Do you feel like you are letting down your horse?
Looking out to your paddock, a whimsical flutter of hopes and dreams overcomes your heart. Your horse is grazing peacefully in the back corner of the paddock and lifts their head, noticing you coming towards them. They let out a soft nicker and start trotting up to you.
And then comes the guilt, you remember it’s been a week, a month or ever years since your last ride. You think your horse is wasting away in the paddock and because of you it won’t have a good future. I’m not good enough for my horse, they deserve more, they would be better with a different rider, I can’t be the rider they need, maybe I should sell them and get an easier horse to work with, maybe I should give up altogether.
This is such a common process for the hobby horse rider to go through… regularly, sometimes even every day. You convince yourself, no I’ll just try a bit longer and maybe it will all come together for me. Maybe I’ll try a new instructor, or go watch some other trainers on YouTube.
There are 2 problems with this scenario: we are attaching our own needs and desires to live a fulfilling life to our horse (really they don’t care if they don’t reach their full potential, working towards their full potential is fraught with hard work, stress and anxiety, much easier to just eat grass), and you’re probably comparing yourself with professional riders, that are on different journeys, with different road blocks. We think “oh if we could just do that one thing riding would be so much easier”. You dedicate months and months and when finally you achieve it, do you celebrate and congratulate yourself and think yes riding is easy now?! Of course not, you now decide there are 7 new things that if only you could achieve them riding would be easy.
As a professional rider it took me 7 years + the 13 years as a hobby horse rider (I’ve now been at this riding business 25 years and teaching for 13), riding hundreds of different horses, teaching hundreds of different students to truly grasp an understanding of what is going on and how best to support each individual horse and I’m still learning new things every day, with every new student and every new horse.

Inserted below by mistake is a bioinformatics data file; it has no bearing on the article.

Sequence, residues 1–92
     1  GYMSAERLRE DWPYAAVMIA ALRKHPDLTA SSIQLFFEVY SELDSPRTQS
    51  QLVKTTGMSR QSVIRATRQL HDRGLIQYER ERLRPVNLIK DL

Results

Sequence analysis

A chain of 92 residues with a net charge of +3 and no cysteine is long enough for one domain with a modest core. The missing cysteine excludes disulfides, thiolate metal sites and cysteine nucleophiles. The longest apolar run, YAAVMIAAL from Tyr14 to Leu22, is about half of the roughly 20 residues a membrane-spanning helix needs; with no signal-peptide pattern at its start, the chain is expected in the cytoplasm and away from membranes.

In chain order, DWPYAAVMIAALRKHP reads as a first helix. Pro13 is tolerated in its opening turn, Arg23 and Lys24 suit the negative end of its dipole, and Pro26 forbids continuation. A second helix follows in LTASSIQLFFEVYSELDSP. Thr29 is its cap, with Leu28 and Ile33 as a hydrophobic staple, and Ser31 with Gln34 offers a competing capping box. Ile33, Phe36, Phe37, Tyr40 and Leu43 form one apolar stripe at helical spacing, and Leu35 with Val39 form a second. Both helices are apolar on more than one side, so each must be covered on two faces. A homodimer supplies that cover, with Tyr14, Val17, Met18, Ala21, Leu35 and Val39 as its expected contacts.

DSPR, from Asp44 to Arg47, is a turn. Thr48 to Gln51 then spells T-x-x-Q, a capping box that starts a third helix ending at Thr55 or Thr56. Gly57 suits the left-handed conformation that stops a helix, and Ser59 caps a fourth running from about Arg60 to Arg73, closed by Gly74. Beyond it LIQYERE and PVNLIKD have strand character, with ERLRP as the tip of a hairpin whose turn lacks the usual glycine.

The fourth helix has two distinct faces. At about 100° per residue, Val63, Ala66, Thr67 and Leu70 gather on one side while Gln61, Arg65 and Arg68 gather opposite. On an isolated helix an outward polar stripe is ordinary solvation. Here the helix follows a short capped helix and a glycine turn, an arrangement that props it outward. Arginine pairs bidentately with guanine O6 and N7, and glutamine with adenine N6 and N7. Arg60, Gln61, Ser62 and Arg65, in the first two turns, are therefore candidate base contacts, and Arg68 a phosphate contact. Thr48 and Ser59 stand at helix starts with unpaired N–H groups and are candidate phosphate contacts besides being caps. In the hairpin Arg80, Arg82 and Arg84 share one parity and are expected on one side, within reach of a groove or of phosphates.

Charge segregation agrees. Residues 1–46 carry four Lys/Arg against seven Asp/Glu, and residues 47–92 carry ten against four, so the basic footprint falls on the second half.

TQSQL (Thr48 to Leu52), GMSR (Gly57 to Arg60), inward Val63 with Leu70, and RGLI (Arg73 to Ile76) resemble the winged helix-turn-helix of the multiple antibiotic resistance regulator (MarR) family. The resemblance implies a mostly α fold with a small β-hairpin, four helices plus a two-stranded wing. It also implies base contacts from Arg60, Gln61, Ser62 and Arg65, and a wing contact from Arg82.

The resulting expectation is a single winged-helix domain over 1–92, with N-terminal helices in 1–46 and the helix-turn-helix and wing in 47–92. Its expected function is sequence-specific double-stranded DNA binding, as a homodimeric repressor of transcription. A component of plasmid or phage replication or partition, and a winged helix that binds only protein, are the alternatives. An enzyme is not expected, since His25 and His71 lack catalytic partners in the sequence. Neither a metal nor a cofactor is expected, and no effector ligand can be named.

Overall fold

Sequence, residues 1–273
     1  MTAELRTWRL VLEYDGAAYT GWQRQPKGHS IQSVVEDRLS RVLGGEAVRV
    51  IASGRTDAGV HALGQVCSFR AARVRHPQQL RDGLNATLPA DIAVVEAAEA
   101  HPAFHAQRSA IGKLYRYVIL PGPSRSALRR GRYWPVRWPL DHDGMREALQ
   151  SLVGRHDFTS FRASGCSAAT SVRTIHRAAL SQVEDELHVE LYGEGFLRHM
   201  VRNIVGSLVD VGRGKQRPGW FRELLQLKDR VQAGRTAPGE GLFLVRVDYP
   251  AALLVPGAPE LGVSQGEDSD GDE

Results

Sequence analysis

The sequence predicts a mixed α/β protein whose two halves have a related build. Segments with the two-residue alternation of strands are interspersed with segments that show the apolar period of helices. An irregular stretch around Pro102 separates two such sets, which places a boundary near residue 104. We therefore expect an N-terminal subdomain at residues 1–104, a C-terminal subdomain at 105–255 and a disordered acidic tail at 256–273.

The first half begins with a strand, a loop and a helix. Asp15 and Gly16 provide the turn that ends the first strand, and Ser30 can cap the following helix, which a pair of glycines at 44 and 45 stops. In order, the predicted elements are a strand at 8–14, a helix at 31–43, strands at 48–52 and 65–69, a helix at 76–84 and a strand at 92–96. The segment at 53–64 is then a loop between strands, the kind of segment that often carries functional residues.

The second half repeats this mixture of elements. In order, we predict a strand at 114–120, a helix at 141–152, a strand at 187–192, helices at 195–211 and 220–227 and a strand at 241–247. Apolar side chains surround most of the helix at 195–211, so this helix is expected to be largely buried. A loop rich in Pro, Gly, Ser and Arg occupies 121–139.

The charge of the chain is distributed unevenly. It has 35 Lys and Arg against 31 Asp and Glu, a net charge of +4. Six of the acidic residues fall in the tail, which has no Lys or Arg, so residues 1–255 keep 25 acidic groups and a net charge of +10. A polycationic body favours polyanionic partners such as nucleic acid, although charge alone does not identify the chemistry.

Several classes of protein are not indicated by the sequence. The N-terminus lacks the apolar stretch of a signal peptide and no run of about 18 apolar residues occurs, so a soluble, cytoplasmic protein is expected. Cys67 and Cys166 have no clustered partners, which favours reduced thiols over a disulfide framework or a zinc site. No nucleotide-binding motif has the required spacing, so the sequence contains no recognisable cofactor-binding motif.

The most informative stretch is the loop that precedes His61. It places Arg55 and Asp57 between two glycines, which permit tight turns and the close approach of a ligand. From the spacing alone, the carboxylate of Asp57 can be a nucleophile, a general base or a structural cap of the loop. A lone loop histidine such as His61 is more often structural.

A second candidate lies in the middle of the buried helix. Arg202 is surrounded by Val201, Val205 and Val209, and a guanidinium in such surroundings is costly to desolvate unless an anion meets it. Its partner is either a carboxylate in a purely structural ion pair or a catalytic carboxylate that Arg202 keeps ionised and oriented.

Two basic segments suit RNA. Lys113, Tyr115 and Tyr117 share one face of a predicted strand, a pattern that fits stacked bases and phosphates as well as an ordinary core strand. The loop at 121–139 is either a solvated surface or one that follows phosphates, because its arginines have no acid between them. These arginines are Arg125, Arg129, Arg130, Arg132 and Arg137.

What a professional rider knows that you don’t
There are always hurdles and road blocks that stop you in your tracks and can take months of diligent effort to work through.
All horses have to go through the same physical development process just the same as all athletes and that requires patience.
When to just exercise your horse and when to push.
Some days, weeks or months your horse can just be off, and that’s ok.
Your horse will never perform as well at a competition as they do at home and so you need to be training at least a grade about the level you’re competing at and even then you still need the moon and the stars to align for your perfect competition day and on that day the judge will decide they don’t like your horse or your last name.
There is no one solution, only effort.
You can’t be good at everything. Find out what you are really good at with your riding and get help with the rest.
The path to success. The reason why you feel stuck at the level you are at is because you can’t see what’s next. You can’t see what’s next because you’ve never experienced it before. If you were to apply all the lessons you have learnt to date on a new horse, guaranteed will progress to this point quicker, however you will also have new road blocks and obstacles you haven’t experienced before and will get stuck at because you are applying the concepts you’ve learnt to a different personality and conformation type.